Insights and Research

How a Phishing Campaign Targeting Indian Banking Users is Distributing an SMS Stealer

Phishing

Scammers are always coming up with new, more sophisticated social engineering techniques to collect user credentials for financial benefit. However, when it comes to banking websites, capturing login credentials via a phishing campaign often isn’t enough for cybercriminals.

Due to the implementation of two-factor authentication by most banking sites, which includes receiving a one-time password on a registered mobile number, transactions have become more secure. However, in parallel, attackers have also found ways to bypass this two-factor authentication implementation by stealing the user’s phone messages.

Zscaler’s ThreatLabz researchers recently discovered a sophisticated phishing campaign targeting customers of top Indian banks like State Bank of India, Punjab National Bank, Union Bank, HDFC, and Canara. The well-designed phishing pages are difficult to distinguish from legitimate sites and aim to collect all the customer’s banking credentials including account holder name, registered mobile number, account number/card number, ATM pin, IFSC code, and expiry date. The end goal of capturing this information is to install a malicious SMS stealer that monitors the messages on the infected mobile/tablet, and communicates with a C2 server whenever the customer receives an SMS.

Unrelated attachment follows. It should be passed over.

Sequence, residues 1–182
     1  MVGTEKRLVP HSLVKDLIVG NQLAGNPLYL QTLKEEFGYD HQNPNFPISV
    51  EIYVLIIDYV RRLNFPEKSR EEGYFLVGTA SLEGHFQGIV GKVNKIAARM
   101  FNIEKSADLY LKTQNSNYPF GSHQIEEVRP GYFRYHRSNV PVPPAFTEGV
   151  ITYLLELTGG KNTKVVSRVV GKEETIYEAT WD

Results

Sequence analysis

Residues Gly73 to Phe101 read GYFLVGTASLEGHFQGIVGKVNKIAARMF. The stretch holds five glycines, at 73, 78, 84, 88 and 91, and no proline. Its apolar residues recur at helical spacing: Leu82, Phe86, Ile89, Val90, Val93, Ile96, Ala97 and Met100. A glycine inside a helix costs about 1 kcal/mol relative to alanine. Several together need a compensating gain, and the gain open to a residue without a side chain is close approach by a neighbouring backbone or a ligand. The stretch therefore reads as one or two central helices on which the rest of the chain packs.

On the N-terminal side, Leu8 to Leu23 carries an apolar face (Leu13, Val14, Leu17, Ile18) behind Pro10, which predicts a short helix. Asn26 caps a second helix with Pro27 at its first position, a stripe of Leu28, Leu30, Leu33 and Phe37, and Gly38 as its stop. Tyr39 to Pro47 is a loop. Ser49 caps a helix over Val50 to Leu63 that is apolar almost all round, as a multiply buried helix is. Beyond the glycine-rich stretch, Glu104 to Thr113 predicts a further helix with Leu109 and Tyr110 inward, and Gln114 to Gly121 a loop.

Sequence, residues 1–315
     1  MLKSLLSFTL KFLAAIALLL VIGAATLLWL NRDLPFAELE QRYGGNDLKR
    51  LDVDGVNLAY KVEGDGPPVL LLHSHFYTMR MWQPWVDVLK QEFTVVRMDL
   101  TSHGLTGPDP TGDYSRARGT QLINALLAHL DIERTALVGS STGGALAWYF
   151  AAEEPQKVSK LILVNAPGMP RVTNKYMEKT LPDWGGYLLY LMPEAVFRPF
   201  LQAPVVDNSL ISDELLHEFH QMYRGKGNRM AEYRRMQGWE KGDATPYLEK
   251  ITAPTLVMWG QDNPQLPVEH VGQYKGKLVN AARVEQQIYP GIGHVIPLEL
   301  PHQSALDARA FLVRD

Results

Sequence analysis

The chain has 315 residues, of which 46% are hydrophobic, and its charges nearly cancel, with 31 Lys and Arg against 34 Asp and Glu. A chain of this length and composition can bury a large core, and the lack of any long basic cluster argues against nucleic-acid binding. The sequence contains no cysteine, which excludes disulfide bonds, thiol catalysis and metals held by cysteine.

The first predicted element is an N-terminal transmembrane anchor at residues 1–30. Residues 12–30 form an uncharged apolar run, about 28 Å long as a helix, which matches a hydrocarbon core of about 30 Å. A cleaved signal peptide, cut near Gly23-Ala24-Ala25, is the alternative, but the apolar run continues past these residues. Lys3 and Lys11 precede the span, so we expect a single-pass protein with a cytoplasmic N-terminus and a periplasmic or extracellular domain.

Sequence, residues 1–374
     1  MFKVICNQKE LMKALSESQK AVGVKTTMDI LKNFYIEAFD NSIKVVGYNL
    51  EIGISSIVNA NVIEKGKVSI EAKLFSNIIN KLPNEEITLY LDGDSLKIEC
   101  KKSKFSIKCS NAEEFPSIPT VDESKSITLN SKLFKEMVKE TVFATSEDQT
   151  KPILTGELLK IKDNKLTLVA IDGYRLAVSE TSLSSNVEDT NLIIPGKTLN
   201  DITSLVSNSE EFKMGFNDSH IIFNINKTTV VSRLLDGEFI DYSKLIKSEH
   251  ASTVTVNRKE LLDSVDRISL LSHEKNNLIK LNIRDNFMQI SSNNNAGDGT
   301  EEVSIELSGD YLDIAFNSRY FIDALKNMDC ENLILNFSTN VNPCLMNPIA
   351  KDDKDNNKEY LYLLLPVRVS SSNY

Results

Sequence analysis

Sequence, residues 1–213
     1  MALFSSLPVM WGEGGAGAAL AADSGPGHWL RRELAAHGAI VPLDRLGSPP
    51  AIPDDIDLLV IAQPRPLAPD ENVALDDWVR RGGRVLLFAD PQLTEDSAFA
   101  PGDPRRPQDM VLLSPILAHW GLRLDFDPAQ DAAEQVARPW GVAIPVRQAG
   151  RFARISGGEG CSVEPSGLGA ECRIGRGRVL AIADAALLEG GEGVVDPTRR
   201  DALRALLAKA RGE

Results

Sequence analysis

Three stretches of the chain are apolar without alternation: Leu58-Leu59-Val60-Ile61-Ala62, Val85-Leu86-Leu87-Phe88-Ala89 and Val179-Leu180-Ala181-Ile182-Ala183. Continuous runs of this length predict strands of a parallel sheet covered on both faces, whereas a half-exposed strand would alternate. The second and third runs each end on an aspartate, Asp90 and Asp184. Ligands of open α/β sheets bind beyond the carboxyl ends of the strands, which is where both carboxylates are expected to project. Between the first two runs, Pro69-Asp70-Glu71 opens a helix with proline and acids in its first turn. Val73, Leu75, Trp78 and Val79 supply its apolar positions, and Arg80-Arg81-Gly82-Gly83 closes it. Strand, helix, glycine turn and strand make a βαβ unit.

Analysis of a phishing campaign:

The homepage depicts a customer support form for submitting queries. The user is asked to enter their name, phone number, and reason for the failed transaction as shown in the figure below.

 

 

 

Fig 1. Phishing Home Page

 

In the next step, the user is asked to enter an account number, which can be used to log in to an online banking account.

 

 

 

Fig 2. Refund Mode Confirmation

 

The next step prompts the user to enter an account number (probably to confirm the correct account number) and IFSC code field and to check the bank account branch.

 

  

 

Fig 3.  Prompt for Account No. & IFSC code

After that, it is required to enter the CIF No. and the card expiry date. The customer identification file, or CIF number in general, is an electronic, 11 digit number that contains all the personal information of the customers.

 

Fig 4. Prompt for CIF number and Expiry Date

 

After that, the phishing page asks users to enter their ATM PIN as shown in the screenshot below.

 

   

 

Fig 5. Prompt for ATM Pin

In the last step, an app gets downloaded on the user’s device and a message is displayed for the user to wait until the download starts.

 

  

 

Fig 6. Malicious APK download 

Here are a few more campaigns with the same phishing techniques targeting other Indian bank users.

 

    

 

Fig 7. A phishing campaign targeting Punjab National Bank users.

 

   

 

Fig 8. A phishing campaign targeting BHIM UPI users

 

Analysis of Android SMS Stealer:

    The downloaded app is a basic SMS stealer which portrays itself as a banking support app using the name SBI Quick Support and has the official logo of the targeted bank. 

  

 

Fig 9. Malware portraying itself as SBI Quick Support App